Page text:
Ireland's cost of borrowing hit 9.21pc yesterday, the highest since the creation of the euro.
It came after news that investors holding Irish bonds face punitive costs to do business through key market player LCH Clearnet.
Yields on the cost of Spanish and Portuguese bonds also widened.
Clearing house LCH Clearnet demanded a 48pc cash deposit for deals involving Irish bonds.
These houses act as middle-men when investors trade bonds between them. LCH Clearnet holds a cash deposit while bond deals are in place to protect it from losses if deals go wrong. The standard deposit for deals involving government bonds is 3pc.
LCH Clearnet is the second biggest clearing house in the world. The increase in the deposit requirement means holders of Irish bonds are essentially being frozen out of the clearing system.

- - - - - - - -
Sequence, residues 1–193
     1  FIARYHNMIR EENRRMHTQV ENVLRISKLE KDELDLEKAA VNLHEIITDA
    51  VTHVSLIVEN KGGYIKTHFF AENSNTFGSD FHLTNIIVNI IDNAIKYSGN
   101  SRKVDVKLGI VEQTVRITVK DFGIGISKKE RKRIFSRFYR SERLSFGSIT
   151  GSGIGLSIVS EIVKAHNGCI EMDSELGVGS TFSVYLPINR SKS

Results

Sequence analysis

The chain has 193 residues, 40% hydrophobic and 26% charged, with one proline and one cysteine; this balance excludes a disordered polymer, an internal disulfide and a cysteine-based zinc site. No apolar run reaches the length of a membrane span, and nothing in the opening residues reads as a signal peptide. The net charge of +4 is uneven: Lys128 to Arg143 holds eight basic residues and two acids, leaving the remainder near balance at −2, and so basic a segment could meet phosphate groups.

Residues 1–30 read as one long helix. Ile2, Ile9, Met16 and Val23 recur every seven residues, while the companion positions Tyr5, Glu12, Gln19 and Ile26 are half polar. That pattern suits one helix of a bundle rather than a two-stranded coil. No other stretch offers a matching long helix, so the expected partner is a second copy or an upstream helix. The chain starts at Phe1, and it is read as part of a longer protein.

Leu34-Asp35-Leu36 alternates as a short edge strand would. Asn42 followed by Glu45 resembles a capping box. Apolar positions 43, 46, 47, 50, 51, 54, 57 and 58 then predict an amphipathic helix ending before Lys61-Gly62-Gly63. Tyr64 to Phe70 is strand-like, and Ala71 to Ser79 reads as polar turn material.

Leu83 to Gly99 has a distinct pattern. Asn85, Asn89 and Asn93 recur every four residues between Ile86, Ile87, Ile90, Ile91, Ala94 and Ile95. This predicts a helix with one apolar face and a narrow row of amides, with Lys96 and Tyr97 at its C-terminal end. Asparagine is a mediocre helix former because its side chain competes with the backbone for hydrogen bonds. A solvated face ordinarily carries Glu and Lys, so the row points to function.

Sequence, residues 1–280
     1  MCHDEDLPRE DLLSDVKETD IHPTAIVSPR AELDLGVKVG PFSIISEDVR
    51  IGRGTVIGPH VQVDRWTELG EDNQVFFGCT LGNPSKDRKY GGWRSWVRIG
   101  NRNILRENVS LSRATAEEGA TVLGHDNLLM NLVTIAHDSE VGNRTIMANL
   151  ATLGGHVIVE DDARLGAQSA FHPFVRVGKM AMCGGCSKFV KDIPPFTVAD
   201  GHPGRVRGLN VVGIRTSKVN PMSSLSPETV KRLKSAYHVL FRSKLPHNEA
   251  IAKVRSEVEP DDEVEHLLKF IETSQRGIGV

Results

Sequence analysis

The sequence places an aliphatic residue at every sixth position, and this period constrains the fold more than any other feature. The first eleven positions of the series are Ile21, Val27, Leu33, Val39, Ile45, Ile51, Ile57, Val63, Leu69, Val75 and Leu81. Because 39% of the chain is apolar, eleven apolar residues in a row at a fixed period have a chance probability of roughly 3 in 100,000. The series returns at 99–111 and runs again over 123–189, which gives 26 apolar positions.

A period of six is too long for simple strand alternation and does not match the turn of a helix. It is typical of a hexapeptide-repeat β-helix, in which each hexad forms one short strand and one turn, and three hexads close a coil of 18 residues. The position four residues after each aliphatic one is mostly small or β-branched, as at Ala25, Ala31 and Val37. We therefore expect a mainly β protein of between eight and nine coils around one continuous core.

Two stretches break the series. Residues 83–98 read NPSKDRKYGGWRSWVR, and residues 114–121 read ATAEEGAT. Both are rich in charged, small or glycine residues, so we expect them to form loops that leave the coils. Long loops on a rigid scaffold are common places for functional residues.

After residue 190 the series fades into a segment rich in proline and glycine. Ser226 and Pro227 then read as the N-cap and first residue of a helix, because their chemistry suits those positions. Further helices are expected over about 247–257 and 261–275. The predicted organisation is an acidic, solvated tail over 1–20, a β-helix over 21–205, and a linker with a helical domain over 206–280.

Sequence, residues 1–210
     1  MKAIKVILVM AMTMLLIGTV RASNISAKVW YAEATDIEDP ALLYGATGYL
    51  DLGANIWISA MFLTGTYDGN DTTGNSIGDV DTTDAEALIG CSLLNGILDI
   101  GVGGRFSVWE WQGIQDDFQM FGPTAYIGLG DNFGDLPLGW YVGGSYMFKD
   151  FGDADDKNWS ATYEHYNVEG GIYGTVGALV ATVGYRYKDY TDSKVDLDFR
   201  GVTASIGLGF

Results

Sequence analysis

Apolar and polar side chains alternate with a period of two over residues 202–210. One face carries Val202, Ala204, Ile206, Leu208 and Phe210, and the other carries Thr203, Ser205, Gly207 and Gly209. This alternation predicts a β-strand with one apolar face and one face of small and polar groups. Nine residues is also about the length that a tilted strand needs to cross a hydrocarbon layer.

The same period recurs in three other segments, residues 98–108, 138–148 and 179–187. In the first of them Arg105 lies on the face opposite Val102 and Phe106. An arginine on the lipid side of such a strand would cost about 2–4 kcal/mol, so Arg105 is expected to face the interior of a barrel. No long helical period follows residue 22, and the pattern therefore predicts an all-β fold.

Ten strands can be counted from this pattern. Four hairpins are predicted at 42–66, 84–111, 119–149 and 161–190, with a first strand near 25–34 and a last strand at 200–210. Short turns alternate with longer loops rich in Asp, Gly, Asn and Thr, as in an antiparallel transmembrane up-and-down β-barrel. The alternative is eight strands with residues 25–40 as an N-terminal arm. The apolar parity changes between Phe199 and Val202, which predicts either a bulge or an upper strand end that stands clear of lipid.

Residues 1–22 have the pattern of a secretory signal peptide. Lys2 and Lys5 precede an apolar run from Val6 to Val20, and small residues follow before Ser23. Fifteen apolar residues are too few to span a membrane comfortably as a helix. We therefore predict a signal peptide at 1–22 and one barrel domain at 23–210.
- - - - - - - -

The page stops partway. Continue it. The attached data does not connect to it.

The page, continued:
In the past month, the margin, or deposit, LCH Clearnet has demanded on Irish bond deals has been raised three times; from 3pc to 15pc then 30pc and now 45pc. The latest increase means the company would rather not see Irish government debt involved in its operations.
LCH Clearnet said it took the decision based on the difference between the yield on Irish and German bonds -- a measure of risk.
It said the additional margin will be charged on deals in place at the end of trading last night and is due to be paid today. It left bondholders scrambling to unwind trades and drove a sell off of Irish bonds.
Spain's cost of borrowing over 10-years hit 5.21pc and Portuguese yields stood at 7.12pc.
Unlike Ireland and Portugal, Spain still plans to raise money from the international markets this year. It plans to sell €8bn of three-year and 15-year debt in December.